My Mixed Life: Becky Tahel Bordo, Conscious Content Creator and Filmmaker
My Mixed Life is an interview series where we showcase interesting humans and their mixed lives.
Talking Louis: Who are you?
Becky Tahel Bordo: A mix of so many things; I'm Russian on my Dad's side, Moroccan on my Mom's, born in Israel, raised in Philly, and currently living in Los Angeles! I am a "conscious content creator" - a term I've used to explain the many aspects of creation that I consult around, assist others in doing, and partake in myself.
I'm a creative writer (be it copy, ghostwriting books, or penning screenplays & TV pilots). I'm a producer (essentially being the nuts and bolts, the glue, to physical production -- taking ideas and manifesting them into aesthetically pleasing visual content for the web, TV, and film).
I'm a creative advocate (where I speak & teach & consult around the benchmarks of ethically sourced content, and often speak about the creative process to all ages around the world). I'm busy, that's who I am.
TL: What does your mixed experience look like?
BTB: As a chetzi-chetzi (that's Hebrew for "half-half"), I've always been equally comfortable and uncomfortable in all social circles. I get down with the pickled herring around my Russian family, I eat the spicy with my Moroccan side, and as an immigrant to the US at just 7 years old, I've had quite the journey finding my sense of Americanness.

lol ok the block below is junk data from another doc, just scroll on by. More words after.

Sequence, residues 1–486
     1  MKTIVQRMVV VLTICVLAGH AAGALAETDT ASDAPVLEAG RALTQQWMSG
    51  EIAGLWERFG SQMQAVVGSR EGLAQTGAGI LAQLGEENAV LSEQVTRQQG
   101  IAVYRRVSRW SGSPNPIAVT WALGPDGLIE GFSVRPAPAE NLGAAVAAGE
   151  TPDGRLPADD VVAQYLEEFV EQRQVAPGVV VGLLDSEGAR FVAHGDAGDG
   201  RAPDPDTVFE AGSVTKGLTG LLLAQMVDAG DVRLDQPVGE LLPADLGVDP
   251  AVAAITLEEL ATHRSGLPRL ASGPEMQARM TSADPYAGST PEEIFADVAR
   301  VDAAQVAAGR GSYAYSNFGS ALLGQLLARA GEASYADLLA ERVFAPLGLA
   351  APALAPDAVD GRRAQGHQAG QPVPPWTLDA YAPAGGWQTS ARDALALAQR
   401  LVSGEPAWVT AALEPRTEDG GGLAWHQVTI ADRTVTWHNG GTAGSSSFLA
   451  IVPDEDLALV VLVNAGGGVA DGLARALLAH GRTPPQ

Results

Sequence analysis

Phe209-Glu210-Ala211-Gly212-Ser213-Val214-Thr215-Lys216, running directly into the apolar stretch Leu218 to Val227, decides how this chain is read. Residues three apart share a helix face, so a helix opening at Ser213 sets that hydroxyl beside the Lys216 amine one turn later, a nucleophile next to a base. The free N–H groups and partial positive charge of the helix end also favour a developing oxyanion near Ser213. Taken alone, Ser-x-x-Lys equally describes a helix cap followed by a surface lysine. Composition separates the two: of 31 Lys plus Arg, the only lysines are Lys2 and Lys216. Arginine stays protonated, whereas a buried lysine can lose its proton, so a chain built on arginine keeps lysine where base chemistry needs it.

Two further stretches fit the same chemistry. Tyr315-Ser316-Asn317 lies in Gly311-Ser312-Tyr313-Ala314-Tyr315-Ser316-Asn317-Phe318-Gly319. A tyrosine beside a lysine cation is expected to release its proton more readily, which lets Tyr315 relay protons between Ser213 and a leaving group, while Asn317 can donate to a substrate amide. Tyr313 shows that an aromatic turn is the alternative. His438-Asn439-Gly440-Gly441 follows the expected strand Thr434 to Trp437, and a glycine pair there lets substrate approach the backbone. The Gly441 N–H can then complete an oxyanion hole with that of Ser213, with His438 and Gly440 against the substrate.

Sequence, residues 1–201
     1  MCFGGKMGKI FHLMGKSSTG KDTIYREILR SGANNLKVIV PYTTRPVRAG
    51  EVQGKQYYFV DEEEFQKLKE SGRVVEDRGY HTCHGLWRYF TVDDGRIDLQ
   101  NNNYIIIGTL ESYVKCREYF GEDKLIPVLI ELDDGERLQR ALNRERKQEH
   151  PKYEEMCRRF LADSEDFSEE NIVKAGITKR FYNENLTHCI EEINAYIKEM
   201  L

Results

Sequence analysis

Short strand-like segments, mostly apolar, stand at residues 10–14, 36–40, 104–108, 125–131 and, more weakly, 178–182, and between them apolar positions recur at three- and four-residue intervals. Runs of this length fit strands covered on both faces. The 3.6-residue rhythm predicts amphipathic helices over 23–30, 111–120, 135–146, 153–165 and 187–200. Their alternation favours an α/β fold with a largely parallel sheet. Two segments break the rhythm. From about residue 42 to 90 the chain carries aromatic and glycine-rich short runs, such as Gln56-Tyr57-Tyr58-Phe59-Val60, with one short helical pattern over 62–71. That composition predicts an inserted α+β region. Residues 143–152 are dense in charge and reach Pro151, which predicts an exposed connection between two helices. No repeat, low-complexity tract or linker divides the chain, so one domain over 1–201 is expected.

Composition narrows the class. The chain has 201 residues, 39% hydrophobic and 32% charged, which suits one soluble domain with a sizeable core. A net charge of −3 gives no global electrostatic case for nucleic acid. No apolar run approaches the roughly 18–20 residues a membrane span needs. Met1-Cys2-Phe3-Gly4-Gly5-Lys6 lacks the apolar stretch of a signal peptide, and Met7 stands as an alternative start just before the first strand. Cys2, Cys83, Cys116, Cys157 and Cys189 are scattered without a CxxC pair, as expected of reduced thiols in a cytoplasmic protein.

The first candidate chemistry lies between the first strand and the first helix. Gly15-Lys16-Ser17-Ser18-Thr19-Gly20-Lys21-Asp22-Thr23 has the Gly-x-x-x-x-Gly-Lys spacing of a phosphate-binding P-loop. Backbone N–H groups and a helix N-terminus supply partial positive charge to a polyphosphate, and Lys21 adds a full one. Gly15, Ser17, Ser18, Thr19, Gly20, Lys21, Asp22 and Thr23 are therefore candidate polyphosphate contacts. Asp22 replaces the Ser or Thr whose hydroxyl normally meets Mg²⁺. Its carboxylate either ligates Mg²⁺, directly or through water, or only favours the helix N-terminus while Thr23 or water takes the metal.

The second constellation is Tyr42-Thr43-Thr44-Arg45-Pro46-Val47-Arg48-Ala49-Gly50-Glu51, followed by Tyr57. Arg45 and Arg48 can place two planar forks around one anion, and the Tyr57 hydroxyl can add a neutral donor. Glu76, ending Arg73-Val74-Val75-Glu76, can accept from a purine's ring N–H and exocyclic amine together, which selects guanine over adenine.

In fourth grade, I asked my mother to go by "Becky" instead of my birth name "Tahel" (which means to bring Light, but in English sounds an awful lot like you're saying a bad word). My Jewish culture and religion was also super counter-cultural in the States, I had weird food, different rituals, and my parents had hard-to-understand accents that made my mixed life complex. I tried to fit in everywhere, and only later in life came to find out where I really fit, and made a bunch of content around it.
Whether you're "mixed" in the obvious ways, we're all mixed in some ways. America and the entire world is a big mix of cultures and ancestral lines, and I'm now far more intrigued by and way less embarrassed of my mixed background and my identity struggles.
TL: You are the writer, director, and producer of a documentary called American Birthright, which explores intermarriage and coming to terms with your younger sister's recent interfaith marriage. How did you feel at first about your sister’s interfaith marriage? How do you feel now?
BTB: Marrying outside the Jewish faith is forbidden. And to be honest, it wasn't something I had ever seen growing up. No one in my family had intermarried, and so my sister's dating and then marrying her Christian fiance was an initial shock -- as is anything so different.